Whether selling a house, building a home, or buying previously owned, it’s important to have an inspection done on the home to assess the home’s condition and uncover possible problems. When selling, you want to be able to correct any problems, and when purchasing, you want to know what you’re getting yourself into before putting up an offer.
Not only will an inspector assess the home and find issues, you’ll be provided with something that acts as a type of homeowner’s manual. He or she will include a list of maintenance tips and other important information about the home.
If you’re selling, you probably want to get a pre-sale inspection. This will give you a chance to fix any repairs and price the home fairly.
In the fall of 2016, Ontario joined B.C. and Alberta as the only provinces in Canada to regulate the home-inspection industry. The regulation of home inspectors ensures the health of the industry and will create accountability that is helpful for consumers.
The Ontario Association of Home Inspectors is a good place to start when looking to hire a Registered Home Inspector. You’ll want a professional expert who will provide the best inspection.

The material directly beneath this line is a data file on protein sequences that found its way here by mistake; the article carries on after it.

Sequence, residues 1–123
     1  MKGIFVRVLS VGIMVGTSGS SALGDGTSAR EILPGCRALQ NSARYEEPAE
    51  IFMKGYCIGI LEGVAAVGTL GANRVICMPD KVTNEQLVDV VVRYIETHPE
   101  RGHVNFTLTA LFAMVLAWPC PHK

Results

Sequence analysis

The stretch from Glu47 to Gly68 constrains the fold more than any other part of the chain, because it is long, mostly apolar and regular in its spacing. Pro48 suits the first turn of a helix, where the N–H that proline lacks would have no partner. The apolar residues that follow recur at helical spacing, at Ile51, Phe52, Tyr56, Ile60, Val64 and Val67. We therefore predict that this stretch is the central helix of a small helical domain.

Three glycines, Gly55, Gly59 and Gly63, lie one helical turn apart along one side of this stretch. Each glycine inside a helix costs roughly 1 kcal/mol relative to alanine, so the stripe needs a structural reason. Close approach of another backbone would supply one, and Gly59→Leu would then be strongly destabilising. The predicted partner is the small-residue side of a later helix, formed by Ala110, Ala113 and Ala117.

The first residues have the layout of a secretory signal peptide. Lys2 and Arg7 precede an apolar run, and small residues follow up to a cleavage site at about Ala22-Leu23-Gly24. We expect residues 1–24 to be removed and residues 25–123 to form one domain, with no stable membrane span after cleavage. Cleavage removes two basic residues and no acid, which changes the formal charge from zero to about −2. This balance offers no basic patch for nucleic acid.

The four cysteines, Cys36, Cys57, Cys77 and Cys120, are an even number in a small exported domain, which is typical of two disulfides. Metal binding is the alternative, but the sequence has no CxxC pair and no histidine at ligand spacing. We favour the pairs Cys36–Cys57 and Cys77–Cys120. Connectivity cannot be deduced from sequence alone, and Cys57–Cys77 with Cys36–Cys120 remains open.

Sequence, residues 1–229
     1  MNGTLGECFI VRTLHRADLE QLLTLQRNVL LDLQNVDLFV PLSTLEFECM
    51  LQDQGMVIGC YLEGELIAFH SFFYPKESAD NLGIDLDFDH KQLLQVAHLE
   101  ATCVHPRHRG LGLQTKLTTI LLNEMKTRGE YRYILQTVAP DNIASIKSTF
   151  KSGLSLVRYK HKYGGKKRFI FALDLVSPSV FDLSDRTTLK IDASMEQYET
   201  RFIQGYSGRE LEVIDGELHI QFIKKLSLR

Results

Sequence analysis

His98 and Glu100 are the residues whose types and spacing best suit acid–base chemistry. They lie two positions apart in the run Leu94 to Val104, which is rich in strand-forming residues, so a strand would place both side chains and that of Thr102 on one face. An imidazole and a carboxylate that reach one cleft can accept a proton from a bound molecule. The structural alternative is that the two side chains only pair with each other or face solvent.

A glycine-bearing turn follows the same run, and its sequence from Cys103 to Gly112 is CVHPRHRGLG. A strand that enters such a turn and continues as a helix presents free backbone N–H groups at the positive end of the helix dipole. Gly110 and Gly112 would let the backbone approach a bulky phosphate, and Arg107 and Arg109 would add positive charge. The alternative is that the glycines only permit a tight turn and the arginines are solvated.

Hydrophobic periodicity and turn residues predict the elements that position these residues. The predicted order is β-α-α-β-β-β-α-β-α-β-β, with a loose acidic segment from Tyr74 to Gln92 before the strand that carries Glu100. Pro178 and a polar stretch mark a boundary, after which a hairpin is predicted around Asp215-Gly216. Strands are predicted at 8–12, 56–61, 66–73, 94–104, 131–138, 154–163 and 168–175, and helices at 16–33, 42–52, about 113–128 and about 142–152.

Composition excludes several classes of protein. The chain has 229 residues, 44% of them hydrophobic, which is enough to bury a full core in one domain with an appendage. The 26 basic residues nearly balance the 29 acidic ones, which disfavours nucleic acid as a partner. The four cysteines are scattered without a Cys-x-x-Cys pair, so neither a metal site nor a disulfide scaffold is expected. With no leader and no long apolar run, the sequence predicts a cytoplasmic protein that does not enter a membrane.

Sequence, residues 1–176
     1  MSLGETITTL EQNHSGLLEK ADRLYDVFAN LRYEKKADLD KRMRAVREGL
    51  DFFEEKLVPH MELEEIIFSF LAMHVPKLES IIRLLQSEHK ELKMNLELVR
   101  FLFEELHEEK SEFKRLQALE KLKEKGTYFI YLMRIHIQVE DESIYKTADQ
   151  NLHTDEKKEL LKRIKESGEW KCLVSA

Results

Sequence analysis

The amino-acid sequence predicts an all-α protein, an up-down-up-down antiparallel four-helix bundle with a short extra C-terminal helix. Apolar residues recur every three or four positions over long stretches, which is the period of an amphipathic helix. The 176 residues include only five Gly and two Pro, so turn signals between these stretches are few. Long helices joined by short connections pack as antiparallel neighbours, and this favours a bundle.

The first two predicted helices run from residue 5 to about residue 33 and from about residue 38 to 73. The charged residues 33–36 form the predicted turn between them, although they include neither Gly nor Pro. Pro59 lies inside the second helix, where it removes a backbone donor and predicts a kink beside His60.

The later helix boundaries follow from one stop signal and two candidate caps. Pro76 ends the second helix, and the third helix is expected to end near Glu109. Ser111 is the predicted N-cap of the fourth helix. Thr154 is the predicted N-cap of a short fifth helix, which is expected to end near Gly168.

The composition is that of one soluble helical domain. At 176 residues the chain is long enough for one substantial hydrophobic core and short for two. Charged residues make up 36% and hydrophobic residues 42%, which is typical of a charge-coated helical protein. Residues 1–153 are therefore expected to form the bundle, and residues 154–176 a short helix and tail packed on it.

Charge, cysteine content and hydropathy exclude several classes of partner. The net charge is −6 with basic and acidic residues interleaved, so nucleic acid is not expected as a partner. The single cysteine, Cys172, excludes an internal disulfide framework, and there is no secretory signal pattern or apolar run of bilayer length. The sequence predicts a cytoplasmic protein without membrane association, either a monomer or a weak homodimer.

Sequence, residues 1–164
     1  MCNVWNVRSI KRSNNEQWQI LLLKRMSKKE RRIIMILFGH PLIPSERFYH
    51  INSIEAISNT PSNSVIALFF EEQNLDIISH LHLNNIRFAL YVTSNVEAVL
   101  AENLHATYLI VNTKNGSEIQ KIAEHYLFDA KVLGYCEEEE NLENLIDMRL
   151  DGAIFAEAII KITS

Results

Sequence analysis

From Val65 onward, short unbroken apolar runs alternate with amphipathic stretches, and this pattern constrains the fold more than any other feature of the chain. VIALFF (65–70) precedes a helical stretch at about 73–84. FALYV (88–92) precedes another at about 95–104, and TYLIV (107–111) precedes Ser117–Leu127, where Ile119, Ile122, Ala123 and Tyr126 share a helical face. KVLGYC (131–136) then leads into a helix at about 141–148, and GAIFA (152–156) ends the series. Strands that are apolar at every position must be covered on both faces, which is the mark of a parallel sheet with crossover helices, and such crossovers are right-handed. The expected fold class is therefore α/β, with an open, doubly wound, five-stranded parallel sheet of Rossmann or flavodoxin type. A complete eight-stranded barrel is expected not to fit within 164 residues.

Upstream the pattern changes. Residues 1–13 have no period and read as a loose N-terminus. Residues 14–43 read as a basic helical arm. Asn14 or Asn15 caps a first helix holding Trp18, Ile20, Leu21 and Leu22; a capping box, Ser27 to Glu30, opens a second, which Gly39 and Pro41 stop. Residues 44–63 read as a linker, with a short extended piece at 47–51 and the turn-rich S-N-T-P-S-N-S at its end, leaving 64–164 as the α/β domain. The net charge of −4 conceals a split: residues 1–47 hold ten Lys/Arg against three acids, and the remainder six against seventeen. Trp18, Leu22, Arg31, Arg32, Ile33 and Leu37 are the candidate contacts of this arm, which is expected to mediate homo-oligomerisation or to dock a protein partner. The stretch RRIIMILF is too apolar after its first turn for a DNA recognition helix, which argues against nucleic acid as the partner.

It’s important to be there on inspection day. You want to ensure they’re looking at everything and are providing maintenance tips along the way. A final report will be made up, usually with pictures, but seeing everything in person is helpful. You’ll have a better understanding of how the home works and more detailed information about any problems that may arise. Inspections take a long time; possibly an entire morning or afternoon and you should take your time.
Some of the things a Registered Home Inspector will inspect are the heating and air conditioning system, electrical equipment, plumbing, the attic space, the basement, any evidence of leaks, the roof, the entire exterior, the foundation of the house, draining of the lot, when the home was built and if it’s up to code, and more. If there are problems, repairs will be suggested.
Additionally, a disclosure statement will be made up. Documents will be drawn that state whether the seller knows of any problems and whether they have been fixed. It gives the inspector an idea of what to look for and make sure any disclosed issues have been fixed.
While you hope an inspector finds all issues, it’s possible you’ll discover something after moving in. Sometimes there are internal issues that an inspector can’t see with the naked eye. Check your contract and see what will happen if you find problems after moving in.